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Total lunar eclipse: Coppery red moon will be visible Sunday night
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Total lunar eclipse: Coppery red moon will be visible Sunday night

SEATTLE — As summer approaches and the weather warms up, our nearest celestial neighbor has a special treat for stargazers.

A total lunar eclipse will be visible across North and South America Sunday evening as the moon will cross through the earth’s shadow, making the full moon appear coppery red as it reflects all of earth’s sunrises and sunsets.

Jim Garvin, a chief scientist at the NASA Goddard Space Flight Center, said this is a “celestial event” and added the moon will look like it has been altered by a camera filter.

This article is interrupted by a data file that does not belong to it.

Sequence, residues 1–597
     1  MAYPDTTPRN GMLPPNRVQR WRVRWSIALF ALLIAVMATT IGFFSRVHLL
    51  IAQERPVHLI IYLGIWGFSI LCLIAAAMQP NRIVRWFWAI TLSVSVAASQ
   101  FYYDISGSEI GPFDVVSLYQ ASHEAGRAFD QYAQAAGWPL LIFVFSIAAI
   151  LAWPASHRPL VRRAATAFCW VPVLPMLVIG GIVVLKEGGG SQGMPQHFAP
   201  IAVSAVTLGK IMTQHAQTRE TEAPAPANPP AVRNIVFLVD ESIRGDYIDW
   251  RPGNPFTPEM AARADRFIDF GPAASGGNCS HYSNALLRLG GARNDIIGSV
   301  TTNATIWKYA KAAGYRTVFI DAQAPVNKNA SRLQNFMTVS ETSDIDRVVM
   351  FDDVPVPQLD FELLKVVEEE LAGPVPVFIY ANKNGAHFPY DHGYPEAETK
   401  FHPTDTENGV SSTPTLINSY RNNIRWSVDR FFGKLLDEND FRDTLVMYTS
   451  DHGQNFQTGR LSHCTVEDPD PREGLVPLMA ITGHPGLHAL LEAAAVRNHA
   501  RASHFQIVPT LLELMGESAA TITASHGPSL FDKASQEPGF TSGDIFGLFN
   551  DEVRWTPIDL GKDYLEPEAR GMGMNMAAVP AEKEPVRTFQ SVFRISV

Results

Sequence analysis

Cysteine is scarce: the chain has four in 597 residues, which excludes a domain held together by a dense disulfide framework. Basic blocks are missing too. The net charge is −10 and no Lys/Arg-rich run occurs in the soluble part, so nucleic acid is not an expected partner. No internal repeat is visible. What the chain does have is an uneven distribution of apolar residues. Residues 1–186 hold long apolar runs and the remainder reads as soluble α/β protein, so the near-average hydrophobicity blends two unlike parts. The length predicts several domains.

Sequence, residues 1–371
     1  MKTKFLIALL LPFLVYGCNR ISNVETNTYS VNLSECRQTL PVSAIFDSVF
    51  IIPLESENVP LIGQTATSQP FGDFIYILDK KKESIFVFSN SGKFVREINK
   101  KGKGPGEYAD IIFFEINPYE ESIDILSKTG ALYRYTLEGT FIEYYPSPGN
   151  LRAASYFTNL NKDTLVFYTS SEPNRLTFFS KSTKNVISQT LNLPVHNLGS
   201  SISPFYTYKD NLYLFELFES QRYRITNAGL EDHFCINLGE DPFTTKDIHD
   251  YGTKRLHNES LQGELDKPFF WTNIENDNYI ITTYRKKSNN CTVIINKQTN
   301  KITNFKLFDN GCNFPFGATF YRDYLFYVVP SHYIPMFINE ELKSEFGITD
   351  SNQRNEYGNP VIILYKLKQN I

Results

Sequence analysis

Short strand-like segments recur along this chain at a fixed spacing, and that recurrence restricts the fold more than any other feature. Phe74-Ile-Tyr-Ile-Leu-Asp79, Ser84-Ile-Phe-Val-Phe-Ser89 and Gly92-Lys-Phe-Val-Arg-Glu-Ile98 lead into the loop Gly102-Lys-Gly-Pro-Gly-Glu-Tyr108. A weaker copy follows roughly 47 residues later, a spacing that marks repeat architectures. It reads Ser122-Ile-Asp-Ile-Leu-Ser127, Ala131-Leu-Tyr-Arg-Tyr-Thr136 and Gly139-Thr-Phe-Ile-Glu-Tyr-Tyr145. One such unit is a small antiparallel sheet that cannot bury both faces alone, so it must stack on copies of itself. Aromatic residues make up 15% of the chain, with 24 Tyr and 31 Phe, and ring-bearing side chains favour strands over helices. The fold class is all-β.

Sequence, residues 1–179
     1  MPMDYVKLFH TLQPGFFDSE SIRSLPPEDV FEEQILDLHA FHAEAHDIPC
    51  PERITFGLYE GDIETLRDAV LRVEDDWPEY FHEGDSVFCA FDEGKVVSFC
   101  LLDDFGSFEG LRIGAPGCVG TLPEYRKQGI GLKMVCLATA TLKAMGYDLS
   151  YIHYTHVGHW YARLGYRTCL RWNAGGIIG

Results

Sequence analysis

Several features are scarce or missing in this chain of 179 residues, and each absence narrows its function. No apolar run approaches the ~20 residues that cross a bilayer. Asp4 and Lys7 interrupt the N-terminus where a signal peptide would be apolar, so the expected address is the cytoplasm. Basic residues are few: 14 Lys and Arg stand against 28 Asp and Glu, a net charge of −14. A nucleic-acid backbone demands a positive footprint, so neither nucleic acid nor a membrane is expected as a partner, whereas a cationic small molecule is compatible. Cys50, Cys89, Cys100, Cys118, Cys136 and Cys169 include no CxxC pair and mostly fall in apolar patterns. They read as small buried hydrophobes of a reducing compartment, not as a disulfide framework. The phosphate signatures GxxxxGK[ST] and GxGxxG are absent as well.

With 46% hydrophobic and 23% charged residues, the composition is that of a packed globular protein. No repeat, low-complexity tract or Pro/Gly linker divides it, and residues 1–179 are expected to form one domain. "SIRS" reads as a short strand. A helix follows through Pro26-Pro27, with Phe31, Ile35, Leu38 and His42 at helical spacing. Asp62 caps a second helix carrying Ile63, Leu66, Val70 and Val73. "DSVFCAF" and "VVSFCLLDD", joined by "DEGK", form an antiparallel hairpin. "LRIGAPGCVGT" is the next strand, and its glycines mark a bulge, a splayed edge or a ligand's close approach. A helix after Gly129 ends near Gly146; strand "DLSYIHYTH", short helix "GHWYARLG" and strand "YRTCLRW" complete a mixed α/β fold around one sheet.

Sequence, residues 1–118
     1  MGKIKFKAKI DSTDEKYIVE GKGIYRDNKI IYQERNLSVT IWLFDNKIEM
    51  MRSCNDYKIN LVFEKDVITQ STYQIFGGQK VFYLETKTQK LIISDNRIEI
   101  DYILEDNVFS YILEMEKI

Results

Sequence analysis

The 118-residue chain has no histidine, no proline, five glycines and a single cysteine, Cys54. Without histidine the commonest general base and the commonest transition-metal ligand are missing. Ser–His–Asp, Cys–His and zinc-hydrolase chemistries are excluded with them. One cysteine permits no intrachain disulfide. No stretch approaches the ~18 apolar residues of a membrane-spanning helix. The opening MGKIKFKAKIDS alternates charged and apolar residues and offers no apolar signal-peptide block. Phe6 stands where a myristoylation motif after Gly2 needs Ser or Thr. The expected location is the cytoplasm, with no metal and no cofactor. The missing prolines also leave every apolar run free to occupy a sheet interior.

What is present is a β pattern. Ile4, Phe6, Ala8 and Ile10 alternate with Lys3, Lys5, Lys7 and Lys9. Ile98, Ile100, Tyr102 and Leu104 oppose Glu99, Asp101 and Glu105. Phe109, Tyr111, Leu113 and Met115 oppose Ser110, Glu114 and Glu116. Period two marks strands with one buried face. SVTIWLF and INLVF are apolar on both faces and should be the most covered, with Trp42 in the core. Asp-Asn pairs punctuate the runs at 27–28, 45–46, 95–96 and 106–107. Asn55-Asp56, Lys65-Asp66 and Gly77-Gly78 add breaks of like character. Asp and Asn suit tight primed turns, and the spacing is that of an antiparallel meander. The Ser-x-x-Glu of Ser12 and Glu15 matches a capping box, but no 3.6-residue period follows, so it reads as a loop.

The partial eclipse — visible from eastern parts of Europe and Africa just before the moon sets in the morning, and from the Pacific islands and New Zealand just after the moon rises in the evening — should occur just before 7:30 p.m. Pacific Standard Time, according to NASA.

The total lunar eclipse will be visible from throughout South America, Central America, eastern U.S. and Canada and most of Antarctica. In the western parts of U.S. and Canada, totality will be visible just after moonrise Sunday evening, spanning 84 minutes, ending shortly before 10 p.m. Pacific Standard Time.

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